I have decided to enter politics. The chief requirement appears to be an inverse relationship between a need to sound important and an ability to do anything useful. Accordingly breakfast is now dedicated to studying the morning radio where just before the last election a comparatively new MP told the nation that over some policy or other
'I think it is almost certain that we probably will.'
Hurrah! Three caveats in just ten words. I thought he'd go far. And in the event he became Prime Minister.
I can't tell you what he thought he was almost certain probably to do because I was rushing to the fridge to write it down on an old envelope before the words slipped from my memory. We have a large pile of old envelopes on the fridge. They are my lecture notes. The common theme appears to be pointless repetition:
'I recognise that there are a lot of unsung heroes that don't get recognition' (Chris Hipkins MP)
'to apply punitive punishment' (Clayton Cosgrove MP)
'there's always constant pressure' (John Key MP)
and if you need to cover yourself, you repeat words you've just made up for the purpose:
'either expressedly or impliedly' (David Cunliffe MP)
Sometimes we only get to the fridge in time to jot down an important-sounding word -
perhaps in context -
'keep the optionality'
or in its original sentence -
'I wouldn't use the word incompetent - there was a management-skill gap'
- without managing to note who said it or why.
But with everyone becoming interested in economics and what politicians can't do about it, the most self-important phrases, used by bank economists as well as portentous politicians -
'Uncertainty is certain to grip the market'
- concern finances. And I do assure you I'm trying to learn how to use 'leverage' though unfortunately whenever I hear it my mind blanks over and I don't take in anything else in the sentence.
Which, of course, is the whole point of it. Economists who say 'leverage' wear dark suits and a blue tie, and they say 'leverage' because they know it will make me feel insignificant and ignorant and I won't hear what the suit is about to do with my money. He himself doesn't know what he means by 'leverage', and this is how he knows that he'll humiliate my understanding. Sometimes he says 'leverage' to mean that his bank owes another bank two hundred billion dollars, and sometimes he says 'leverage' when he would like to sell a lot of dried milk product (sic.) to China.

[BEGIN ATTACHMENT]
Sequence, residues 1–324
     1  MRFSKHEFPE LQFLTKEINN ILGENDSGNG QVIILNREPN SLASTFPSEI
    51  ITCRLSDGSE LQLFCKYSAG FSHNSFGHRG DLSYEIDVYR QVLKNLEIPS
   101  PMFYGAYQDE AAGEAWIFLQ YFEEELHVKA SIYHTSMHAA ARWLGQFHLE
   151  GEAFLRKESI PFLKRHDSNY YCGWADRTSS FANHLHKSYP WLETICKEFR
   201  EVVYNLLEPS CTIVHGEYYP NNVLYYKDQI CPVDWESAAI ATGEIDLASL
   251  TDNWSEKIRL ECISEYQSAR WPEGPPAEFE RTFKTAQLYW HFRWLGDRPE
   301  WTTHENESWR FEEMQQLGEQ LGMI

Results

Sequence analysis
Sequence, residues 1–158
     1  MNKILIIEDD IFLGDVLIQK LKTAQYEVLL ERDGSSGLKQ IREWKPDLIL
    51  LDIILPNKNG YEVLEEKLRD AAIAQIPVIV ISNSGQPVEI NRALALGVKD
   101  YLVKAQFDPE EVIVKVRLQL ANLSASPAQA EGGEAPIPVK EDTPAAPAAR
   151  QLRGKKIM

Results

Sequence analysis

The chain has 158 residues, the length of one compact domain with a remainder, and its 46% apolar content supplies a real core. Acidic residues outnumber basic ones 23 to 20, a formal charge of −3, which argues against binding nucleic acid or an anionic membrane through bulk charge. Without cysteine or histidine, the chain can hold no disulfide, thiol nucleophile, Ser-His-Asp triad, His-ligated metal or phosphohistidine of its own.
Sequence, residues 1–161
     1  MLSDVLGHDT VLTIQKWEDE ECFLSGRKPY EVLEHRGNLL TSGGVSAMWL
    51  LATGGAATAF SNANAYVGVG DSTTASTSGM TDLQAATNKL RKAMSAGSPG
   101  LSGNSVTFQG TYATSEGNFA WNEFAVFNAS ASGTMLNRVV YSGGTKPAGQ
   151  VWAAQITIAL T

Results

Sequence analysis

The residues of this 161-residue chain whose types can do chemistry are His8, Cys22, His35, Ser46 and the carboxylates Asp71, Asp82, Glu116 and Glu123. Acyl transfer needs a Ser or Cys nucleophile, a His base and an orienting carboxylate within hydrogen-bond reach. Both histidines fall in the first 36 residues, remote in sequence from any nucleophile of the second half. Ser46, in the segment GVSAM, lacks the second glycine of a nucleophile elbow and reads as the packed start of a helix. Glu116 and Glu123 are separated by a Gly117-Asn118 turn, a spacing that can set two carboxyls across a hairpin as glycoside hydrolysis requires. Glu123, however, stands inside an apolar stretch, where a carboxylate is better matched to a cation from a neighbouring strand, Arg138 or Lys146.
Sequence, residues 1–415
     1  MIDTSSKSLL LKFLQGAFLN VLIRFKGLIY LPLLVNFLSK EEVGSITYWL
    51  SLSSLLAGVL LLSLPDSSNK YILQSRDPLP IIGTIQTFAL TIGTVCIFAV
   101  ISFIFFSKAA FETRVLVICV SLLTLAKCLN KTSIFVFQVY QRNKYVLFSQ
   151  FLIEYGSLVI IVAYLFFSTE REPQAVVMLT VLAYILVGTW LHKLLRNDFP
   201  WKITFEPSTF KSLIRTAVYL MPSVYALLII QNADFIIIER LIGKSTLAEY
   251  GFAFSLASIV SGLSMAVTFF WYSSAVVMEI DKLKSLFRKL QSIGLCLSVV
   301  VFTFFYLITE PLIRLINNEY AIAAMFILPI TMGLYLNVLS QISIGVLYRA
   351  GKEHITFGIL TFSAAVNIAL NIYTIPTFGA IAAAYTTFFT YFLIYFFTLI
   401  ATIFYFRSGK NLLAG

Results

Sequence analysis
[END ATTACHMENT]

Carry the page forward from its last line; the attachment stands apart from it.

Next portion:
Prior to my usefully entering politics I only ever thought of saying 'leverage' when trying to lift the corner of the wardrobe up with a garden spade so my wife can peer underneath with a torch to see if a dead mouse has crept there and is stinking the room out. There is a dead mouse - it might be a rat or a fish or a possum - we haven't found it yet - and it started off over by the door but is now somewhere near my computer. It's unusually mobile among dead mice. If it turns out to be a dead bank economist I expect it will tell the radio that it was leveraging its position geographically-wise.
I can't actually lever the wardrobe up with just a spade: I need a block of wood as a fulcrum. But I'm wary of saying 'fulcrum' lest the minds of people in sharp business suits blank off at the untoward appearance of a word from a junior school physics book. Politicians and businessmen and economists and important bank officials don't like to hear basic physics. Try them on the rather worrying fact that even the conservative International Energy Agency is now saying that world oil production will start to decline within the next ten years. They prefer to dismiss physicists or geologists as fanciful fools who don't have an MBA and are thereby out of touch with reality.
I myself am a fanciful fool, fondly believing that recumbents are the silver bullet to the world's - well, everything, actually. I am just about to go for a ride up the valley; and:
Fact: it will take me 55 minutes because I am going on my recumbent.